Carbon dating is wrong

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Question: "Is carbon dating a reliable method for determining the age of things?" Answer: Carbon dating, or radiocarbon dating, like any other laboratory testing technique, can be extremely reliable, so long as all of the variables involved are controlled and understood. But what's interesting is that a small fraction of carbon-14 forms, and then this carbon-14 can then also combine with oxygen to form carbon dioxide.And carbon-14 is constantly doing this decay thing. So over the course of 5,730 years, roughly half of them will have decayed. Well, if you know that all living things have a certain proportion of carbon-14 in their tissue, as kind of part of what makes them up, and then if you were to find some bone-- let's just say find some bone right here that you dig it up on some type of archaeology dig.Charcoal and wood are two of the most widely used materials for accelerator mass spectrometry (AMS) radiocarbon dating.AMS labs prefer to carbon date charcoal and wood because these materials do not need complex pretreatment.Several factors affect radiocarbon test results, not all of which are easy to control objectively.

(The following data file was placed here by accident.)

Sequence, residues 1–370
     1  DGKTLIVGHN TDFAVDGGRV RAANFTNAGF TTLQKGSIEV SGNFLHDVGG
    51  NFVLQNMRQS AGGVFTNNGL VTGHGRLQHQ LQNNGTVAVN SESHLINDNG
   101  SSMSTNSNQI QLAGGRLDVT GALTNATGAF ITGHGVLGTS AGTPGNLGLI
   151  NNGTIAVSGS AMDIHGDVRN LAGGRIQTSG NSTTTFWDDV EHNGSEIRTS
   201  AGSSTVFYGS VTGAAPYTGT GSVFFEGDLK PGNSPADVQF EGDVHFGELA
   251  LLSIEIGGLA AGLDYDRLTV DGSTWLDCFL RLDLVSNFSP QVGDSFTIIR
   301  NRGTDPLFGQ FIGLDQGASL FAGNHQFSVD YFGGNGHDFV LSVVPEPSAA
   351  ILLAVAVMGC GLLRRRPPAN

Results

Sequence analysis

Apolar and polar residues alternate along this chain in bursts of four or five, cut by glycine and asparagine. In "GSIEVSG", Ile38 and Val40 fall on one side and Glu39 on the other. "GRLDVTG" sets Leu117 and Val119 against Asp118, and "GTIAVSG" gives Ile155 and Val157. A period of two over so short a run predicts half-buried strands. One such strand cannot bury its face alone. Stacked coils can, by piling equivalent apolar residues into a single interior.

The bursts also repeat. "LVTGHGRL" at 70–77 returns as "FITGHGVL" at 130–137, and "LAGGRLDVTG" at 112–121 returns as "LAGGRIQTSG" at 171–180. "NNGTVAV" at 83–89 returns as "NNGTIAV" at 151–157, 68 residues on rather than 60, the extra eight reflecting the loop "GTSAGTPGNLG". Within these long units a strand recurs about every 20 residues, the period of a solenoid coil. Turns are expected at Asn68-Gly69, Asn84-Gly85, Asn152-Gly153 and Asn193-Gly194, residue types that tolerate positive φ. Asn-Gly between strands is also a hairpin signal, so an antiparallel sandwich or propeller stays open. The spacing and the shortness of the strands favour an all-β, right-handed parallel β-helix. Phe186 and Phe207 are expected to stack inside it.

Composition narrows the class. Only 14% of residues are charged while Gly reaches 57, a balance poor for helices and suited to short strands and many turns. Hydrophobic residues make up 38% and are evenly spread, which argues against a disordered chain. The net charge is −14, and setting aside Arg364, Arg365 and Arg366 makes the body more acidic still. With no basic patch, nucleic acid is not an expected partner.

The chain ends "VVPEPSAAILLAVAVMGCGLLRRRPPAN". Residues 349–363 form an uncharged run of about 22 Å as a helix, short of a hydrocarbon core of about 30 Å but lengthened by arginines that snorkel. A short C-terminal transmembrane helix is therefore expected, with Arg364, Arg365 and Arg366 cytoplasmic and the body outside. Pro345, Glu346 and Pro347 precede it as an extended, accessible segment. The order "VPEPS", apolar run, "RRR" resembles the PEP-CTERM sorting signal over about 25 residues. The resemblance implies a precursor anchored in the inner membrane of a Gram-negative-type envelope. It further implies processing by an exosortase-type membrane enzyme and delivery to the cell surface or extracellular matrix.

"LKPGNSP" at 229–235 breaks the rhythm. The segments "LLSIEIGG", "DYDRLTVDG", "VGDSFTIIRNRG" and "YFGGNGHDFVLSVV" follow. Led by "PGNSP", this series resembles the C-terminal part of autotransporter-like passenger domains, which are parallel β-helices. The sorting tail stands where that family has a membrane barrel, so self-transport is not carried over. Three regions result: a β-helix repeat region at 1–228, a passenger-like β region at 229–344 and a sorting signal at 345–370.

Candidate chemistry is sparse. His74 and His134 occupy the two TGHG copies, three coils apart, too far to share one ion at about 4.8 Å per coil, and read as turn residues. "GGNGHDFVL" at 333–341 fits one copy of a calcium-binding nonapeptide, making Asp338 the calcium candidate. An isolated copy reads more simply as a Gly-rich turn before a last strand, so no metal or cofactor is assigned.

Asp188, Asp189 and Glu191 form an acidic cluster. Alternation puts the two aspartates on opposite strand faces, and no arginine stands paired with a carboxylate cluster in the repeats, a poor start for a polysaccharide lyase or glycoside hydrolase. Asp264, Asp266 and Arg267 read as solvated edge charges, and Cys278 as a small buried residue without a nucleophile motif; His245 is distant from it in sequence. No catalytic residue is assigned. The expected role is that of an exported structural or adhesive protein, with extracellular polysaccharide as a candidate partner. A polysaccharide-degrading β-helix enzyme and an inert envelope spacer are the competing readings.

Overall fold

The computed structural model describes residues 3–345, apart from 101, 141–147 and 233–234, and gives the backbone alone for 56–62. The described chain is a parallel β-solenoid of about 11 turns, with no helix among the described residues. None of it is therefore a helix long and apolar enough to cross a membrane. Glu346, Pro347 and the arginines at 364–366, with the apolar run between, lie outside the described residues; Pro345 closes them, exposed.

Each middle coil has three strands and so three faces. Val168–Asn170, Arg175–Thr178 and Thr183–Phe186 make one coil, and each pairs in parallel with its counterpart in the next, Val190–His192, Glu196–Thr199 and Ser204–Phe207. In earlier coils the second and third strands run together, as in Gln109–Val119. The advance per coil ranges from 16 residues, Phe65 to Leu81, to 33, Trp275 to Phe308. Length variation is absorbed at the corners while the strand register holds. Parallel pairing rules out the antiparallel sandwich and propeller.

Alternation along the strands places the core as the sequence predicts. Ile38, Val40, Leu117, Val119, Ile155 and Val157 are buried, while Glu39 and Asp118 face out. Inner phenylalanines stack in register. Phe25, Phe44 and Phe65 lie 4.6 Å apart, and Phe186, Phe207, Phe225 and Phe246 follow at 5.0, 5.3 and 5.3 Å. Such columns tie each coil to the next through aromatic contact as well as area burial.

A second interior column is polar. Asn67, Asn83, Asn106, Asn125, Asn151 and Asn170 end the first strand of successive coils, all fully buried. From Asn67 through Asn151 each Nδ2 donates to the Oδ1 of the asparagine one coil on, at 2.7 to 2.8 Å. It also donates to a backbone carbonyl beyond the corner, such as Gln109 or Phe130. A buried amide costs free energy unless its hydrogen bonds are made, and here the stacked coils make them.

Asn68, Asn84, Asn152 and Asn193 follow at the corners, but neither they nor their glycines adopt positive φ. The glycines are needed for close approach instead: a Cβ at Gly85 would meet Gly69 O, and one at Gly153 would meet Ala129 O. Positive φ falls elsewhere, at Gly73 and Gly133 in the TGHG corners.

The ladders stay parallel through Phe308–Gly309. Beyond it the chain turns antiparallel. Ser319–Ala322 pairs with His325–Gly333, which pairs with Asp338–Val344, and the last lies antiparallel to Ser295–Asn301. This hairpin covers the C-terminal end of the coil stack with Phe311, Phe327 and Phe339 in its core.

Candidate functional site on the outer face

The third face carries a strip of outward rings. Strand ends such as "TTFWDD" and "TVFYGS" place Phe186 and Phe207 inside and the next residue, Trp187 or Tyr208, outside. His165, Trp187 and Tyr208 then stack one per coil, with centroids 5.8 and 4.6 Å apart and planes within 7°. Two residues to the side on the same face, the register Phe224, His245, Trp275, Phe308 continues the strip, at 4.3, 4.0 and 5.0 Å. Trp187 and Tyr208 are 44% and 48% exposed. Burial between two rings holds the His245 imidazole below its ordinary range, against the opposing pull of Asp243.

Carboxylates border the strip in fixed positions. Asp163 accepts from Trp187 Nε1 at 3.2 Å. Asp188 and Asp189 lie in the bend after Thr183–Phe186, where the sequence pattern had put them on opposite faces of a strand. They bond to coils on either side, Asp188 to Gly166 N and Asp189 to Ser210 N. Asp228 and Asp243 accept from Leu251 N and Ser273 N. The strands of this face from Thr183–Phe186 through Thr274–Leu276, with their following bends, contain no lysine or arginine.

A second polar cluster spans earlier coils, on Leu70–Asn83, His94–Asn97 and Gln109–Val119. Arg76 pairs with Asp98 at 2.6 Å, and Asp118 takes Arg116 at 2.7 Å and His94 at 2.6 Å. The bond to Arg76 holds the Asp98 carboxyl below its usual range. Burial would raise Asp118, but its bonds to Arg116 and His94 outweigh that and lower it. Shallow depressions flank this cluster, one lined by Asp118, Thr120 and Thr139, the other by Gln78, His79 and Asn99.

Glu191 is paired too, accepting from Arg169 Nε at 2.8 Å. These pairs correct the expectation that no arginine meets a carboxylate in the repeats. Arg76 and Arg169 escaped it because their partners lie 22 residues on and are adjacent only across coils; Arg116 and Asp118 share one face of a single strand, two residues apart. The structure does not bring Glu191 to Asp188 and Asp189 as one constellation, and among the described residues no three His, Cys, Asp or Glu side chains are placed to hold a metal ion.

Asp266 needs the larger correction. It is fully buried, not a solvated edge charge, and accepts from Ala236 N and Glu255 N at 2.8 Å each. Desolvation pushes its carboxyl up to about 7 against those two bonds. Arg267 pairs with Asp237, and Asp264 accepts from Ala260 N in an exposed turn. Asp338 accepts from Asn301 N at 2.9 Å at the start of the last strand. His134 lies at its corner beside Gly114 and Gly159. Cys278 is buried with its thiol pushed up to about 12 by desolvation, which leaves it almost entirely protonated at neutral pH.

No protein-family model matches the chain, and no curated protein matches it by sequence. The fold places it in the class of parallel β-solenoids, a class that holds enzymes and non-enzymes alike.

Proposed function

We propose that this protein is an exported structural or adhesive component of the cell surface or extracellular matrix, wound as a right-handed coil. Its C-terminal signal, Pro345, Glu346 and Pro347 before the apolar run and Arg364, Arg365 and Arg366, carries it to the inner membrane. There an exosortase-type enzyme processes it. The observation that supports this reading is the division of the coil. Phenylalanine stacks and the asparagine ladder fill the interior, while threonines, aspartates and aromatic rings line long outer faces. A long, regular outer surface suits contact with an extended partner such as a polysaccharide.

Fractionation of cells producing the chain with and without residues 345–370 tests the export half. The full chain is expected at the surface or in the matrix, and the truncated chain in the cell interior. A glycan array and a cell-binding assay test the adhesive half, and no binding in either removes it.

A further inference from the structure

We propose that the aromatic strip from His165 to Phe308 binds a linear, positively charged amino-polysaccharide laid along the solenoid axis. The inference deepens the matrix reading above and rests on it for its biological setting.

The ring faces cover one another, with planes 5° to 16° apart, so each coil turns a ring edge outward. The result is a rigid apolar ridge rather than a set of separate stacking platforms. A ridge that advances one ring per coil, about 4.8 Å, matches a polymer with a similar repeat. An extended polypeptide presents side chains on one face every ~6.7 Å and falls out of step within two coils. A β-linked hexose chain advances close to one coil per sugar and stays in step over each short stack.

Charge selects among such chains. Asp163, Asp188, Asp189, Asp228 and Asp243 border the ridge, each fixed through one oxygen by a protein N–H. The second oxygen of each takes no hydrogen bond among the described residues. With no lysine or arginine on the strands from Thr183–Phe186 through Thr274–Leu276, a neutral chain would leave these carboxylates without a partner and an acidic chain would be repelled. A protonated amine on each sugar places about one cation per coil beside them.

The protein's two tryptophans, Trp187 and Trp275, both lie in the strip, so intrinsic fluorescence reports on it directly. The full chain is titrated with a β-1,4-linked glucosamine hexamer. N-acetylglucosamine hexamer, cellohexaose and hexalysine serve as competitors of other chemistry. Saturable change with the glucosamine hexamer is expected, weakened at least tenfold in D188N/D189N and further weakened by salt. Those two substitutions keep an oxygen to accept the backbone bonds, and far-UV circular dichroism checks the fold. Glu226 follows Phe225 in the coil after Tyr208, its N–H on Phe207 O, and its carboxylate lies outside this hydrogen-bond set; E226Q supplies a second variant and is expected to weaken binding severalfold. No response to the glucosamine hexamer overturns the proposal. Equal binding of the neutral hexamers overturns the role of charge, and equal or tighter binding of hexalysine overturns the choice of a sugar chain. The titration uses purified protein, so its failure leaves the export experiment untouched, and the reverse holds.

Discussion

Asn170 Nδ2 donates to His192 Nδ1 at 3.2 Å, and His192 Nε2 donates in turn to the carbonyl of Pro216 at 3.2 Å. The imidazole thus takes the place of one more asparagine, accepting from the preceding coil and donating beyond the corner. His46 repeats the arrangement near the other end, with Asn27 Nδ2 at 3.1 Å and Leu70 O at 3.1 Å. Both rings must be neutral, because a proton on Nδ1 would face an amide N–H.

Nor can it tell if a much older spearhead was attached to a brand-new shaft.

But what's interesting is as soon as you die and you're not ingesting anymore plants, or breathing from the atmosphere if you are a plant, or fixing from the atmosphere. Once a plant dies, it's no longer taking in carbon dioxide from the atmosphere and turning it into new tissue. And this carbon-14 does this decay at a specific rate. And you say, hey, that bone has one half the carbon-14 of all the living things that you see right now.

And then you can use that rate to actually determine how long ago that thing must've died. It would be a pretty reasonable estimate to say, well, that thing must be 5,730 years old.

The time-width affects the way radiocarbon age is converted into calendar age for a sample.

A wood’s time-width depends on the number of tree rings taken for radiocarbon dating.

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